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When the Plot is Too Busy

Tantz_Aerine at 12:00AM, Feb. 22, 2020
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The plot is the spine of your story, the scaffolding upon which everything will be placed in order to create a full experience for the audience to immerse themselves in- be it a movie or a comic or a novel.

Just like the spine, however, there is a limit to how much narrative weight it can carry- how many things you can pile up on it before it's either buried or it collapses. If too many plot lines are presented, if too many plot devices are thrown at the audience, then you're running the risk of confusing or even losing them altogether.

Each plot line usually requires specific characters to be the focus. Since you can't have more than one or two main characters, usually there's an A plot and a B plot: the A plot is the main story, focusing on the main characters, and the B plot is a complementary substory usually involving secondary, supporting characters.

If the story is well written, the A plot and the B plot balance each other out well, and together they progress the story in a whole, organic manner: the A plot helps us get to know the main characters and the B plot the supporting ones, while the action pushes the story forward from different angles, until usually they converge for the third act or the final arc of the third act.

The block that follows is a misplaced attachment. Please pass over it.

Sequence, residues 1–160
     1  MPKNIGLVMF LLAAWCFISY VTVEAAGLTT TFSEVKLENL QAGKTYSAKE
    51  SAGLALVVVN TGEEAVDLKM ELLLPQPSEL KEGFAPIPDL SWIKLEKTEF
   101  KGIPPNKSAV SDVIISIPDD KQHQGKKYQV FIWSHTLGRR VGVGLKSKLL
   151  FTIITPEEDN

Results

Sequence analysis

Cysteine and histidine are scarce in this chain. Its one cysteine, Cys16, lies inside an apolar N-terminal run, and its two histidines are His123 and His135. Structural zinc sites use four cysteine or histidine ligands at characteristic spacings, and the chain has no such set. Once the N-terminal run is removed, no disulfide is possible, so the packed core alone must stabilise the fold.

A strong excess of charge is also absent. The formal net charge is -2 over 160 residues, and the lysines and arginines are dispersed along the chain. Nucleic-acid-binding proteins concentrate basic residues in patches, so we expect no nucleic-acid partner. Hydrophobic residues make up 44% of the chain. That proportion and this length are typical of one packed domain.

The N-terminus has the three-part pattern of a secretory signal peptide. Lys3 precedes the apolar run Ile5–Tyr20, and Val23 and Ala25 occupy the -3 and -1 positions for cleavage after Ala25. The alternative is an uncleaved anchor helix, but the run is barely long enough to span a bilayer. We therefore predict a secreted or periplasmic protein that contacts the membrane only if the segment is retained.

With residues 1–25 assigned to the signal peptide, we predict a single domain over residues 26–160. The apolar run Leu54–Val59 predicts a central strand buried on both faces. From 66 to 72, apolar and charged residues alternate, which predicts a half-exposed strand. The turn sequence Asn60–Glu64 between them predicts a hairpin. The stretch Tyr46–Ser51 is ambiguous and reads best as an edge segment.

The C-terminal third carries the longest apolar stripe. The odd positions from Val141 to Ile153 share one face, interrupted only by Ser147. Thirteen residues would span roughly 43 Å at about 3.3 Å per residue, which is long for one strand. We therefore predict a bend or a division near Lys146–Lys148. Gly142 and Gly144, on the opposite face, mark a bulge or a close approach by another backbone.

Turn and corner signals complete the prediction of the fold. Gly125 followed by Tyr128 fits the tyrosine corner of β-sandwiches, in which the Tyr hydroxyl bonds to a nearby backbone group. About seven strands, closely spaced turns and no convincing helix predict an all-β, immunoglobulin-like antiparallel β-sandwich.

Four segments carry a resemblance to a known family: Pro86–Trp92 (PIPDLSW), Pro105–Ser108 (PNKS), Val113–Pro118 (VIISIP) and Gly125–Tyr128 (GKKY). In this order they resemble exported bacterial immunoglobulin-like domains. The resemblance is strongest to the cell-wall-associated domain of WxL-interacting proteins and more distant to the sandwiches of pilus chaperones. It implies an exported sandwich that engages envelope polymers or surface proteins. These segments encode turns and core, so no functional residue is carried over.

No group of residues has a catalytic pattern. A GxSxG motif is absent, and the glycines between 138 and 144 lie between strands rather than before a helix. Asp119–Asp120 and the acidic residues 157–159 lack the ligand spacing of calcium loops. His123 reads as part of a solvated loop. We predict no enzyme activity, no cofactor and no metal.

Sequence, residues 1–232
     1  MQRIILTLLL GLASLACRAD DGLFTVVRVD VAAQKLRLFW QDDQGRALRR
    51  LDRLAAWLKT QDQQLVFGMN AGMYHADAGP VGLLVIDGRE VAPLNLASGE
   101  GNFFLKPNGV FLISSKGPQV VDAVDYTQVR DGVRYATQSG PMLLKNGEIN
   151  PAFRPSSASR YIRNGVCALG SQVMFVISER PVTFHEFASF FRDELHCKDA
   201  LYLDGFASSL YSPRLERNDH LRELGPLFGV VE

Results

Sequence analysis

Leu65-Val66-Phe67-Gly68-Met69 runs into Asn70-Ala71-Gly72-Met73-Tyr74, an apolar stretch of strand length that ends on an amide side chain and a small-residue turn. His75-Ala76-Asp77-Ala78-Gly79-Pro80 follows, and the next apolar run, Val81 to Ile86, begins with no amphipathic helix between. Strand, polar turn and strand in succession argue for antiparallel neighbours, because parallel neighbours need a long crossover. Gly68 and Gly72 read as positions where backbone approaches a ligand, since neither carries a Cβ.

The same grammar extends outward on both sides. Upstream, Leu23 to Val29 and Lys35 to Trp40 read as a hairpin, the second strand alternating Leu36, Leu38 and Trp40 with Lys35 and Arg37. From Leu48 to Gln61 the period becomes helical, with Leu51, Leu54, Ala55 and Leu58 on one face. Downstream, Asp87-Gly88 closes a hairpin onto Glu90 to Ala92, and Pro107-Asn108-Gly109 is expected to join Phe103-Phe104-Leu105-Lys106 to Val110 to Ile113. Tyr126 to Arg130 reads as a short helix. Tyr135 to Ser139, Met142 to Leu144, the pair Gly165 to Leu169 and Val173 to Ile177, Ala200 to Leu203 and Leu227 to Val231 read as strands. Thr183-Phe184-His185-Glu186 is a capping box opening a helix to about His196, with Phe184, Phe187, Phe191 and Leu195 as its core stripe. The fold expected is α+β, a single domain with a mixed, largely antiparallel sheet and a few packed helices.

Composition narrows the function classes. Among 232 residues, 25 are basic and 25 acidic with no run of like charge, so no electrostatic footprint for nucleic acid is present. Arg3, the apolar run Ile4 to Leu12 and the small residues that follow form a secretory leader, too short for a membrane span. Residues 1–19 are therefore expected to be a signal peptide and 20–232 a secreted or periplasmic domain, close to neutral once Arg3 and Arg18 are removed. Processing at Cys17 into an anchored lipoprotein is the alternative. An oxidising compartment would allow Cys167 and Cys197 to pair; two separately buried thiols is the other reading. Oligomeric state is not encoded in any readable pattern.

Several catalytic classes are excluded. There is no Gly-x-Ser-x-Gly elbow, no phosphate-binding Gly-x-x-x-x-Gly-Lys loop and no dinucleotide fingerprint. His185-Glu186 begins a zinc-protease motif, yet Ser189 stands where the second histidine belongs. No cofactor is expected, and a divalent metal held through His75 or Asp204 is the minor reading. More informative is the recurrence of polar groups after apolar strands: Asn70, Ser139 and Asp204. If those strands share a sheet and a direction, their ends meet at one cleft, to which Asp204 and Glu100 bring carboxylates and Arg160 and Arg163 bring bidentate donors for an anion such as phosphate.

Usually the A plot takes up more time than the B plot, but they both have enough to ‘breathe’ so to speak, in order to become interesting and engaging and serve their function in the story.

When is a plot too busy?

Naturally when there are too many subplots. If there's an A plot, a B plot, a C plot and even a D plot all crammed together in a time length that is good enough only for an A and B plot, or even only for an A plot. If that happens, every single subplot suffers. Before the audience can be invested in one, we have to cut to the other, then ping pong to the third one and also make allusions to the fourth one. it is as distracting and off putting as an infodump, only at least with an infodump the audience feels they're being introduced to something coherent.

Now, if you're tackling a series, be it in movies, comics or novels, you have more time to develop the story, and you can afford more subplots. This is why some books are nearly impossible to adapt for the big screen, and why the MCU needed so many movies to present one massive story.

It's very hard sometimes not to include subplots we really love, but ultimately offer little to the main story and can happen off-screen without issue. But it has to be done, just like we don't present all our world building and all the details we have researched and know about our story's setting in the story proper.

How have you handled plots? Ever felt they may be too busy or had to wade through a busy plot of a story as part of the audience?

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comment

anonymous?

hushicho at 1:35PM, Feb. 23, 2020